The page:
Clara Vuletich – Sustainability strategist and designer
Fashion and sustainability. These are two very different things. Fashion is sexy, addictive, exclusive, and very fast-moving. Sustainability, on the other hand, is about slowness, care, flourishing and responsibility. It’s fair to say that the fashion industry, until very recently, hasn’t been very sustainable. We are drowning in clothes and textiles.
Clothing sales have increased dramatically in the last 20 years. Did you know that you have four times the amount of clothes in your wardrobes than your parents did? And in the UK, over 1 million tons of clothing goes into landfill every year. While we have more clothes in our wardrobes, we’re not necessarily any happier.
Fast fashion has turned us into these passive consumers who are constantly chasing the fantasy that buying more clothes will make us happy. And, as we know, the people who make our clothes are often working in quite far away countries from us here in Australia, in quite poor working conditions and paid quite poorly.
Look at what happened at Rana Plaza, the factory accident in Bangladesh, in 2013. Over 1,000 people lost their lives while they were making clothes for brands from the US and the UK. I’ve worked in this space as a designer and a researcher for almost ten years. I’ve spoken to many of the designers, brand managers, suppliers, retailers and consumers, and there’s often a lot of finger-pointing that goes on.
Consumers blame the brands for paying such low wages to often outsourced workers. Brands say that the price of their clothing is so cheap because that’s actually all that people want to pay. Activist organizations blame the brands for following business models that prioritize profit at all costs. And governments often just watch cautiously from the sidelines.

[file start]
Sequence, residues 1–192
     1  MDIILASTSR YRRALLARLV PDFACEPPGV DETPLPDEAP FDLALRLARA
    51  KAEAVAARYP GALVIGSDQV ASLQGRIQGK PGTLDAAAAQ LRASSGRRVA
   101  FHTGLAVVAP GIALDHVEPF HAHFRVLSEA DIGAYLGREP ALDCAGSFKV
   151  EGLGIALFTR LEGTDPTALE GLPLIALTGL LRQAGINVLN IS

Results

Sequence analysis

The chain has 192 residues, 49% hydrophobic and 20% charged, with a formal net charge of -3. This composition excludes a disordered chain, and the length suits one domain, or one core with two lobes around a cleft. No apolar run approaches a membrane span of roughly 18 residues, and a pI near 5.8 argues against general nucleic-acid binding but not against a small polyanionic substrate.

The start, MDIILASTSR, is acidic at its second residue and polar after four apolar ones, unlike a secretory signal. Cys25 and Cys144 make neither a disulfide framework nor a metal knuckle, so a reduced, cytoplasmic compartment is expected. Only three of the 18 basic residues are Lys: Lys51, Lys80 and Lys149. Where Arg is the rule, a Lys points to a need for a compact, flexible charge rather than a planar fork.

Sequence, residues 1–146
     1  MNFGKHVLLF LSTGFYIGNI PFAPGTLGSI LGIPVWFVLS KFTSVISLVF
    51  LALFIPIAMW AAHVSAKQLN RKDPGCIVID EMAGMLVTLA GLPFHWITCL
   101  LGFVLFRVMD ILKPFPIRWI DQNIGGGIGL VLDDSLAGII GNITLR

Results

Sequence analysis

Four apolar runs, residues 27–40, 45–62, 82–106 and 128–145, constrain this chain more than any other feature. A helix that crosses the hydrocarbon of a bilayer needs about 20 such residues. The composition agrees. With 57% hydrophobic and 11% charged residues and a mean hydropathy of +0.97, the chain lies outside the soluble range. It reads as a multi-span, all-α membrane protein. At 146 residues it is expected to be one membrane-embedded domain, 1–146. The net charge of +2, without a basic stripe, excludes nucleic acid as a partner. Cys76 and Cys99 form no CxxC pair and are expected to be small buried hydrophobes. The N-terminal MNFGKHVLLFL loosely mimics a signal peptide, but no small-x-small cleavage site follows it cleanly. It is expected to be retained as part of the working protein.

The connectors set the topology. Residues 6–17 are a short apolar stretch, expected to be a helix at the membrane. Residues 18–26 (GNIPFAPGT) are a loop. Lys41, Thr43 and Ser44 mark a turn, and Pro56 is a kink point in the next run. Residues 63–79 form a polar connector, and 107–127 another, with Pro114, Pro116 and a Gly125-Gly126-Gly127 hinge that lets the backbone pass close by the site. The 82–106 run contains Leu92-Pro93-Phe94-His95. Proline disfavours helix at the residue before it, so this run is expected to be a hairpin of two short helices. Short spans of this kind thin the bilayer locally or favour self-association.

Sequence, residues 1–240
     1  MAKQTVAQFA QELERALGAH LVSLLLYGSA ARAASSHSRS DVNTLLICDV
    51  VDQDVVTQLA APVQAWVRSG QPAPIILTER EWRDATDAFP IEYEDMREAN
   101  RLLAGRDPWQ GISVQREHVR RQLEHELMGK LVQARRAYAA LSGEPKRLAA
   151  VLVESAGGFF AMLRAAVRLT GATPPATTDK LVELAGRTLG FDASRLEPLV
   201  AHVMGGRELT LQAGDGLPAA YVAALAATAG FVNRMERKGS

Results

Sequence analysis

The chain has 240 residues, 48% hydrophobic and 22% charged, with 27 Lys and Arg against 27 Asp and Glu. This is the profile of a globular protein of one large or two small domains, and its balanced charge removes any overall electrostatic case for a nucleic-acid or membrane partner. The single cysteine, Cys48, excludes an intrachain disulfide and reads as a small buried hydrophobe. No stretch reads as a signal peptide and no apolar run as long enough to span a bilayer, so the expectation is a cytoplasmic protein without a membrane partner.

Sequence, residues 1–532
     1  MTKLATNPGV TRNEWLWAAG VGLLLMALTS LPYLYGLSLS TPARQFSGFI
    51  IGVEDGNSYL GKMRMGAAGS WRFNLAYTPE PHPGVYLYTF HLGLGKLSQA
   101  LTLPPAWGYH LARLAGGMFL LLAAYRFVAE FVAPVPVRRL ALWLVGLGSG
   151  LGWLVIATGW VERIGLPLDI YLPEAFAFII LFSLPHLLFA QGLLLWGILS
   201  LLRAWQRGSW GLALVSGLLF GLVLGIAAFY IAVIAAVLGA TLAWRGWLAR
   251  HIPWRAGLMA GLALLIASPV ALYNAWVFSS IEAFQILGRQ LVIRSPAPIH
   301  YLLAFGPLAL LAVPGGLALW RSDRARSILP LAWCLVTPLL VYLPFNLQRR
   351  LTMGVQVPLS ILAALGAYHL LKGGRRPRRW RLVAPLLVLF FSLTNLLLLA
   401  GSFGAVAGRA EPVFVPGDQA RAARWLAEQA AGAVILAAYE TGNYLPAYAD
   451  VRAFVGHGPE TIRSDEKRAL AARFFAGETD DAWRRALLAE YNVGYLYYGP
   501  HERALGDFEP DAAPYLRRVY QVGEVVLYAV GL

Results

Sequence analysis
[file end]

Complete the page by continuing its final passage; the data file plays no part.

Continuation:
So, how can fashion and sustainability truly coexist? And how can all the players in this industry collectively work to transform this situation? Well, the good news is I believe things are changing for the better. We’re currently in a transition to a new type of fashion industry based on ecological and holistic principles of closing the loop on materials, that prioritizes community, values, and respect of all the people in the supply chain.
I recently went on a journey through the global supply chain to investigate these issues and to find some creative solutions. So, the journey begins in my local neighborhood of the time, of Brixton, in South London. I’m in the local community center there and I’m standing at a table surrounded by a group of women who are all hand-sewing with a needle and thread on their own garments. I was there to teach clothes mending and repair. I’d brought all my favorite sewing equipment, my needles, my threads, my yarns, my favorite textiles, and I really wanted to create this creative, and experiential, and inspiring workshop to get people in really engaging with their garments.
So, as the women sewed, we had quite a somber discussion about the impacts of fast fashion on people, on the planet. And after the workshop finished, everyone packed up and we all left, and I walked home on foot. As I was walking down what in the UK they call the high street, I noticed a group of four of the women from my workshop and, as I spotted them, they walked into a fast fashion shop. They were going shopping! I couldn’t believe it! I’d just spent many hours talking to them and teaching them this slow, careful mending repair technique, and all they wanted to do was go with their girlfriends and have some fashion-related, cheap fun.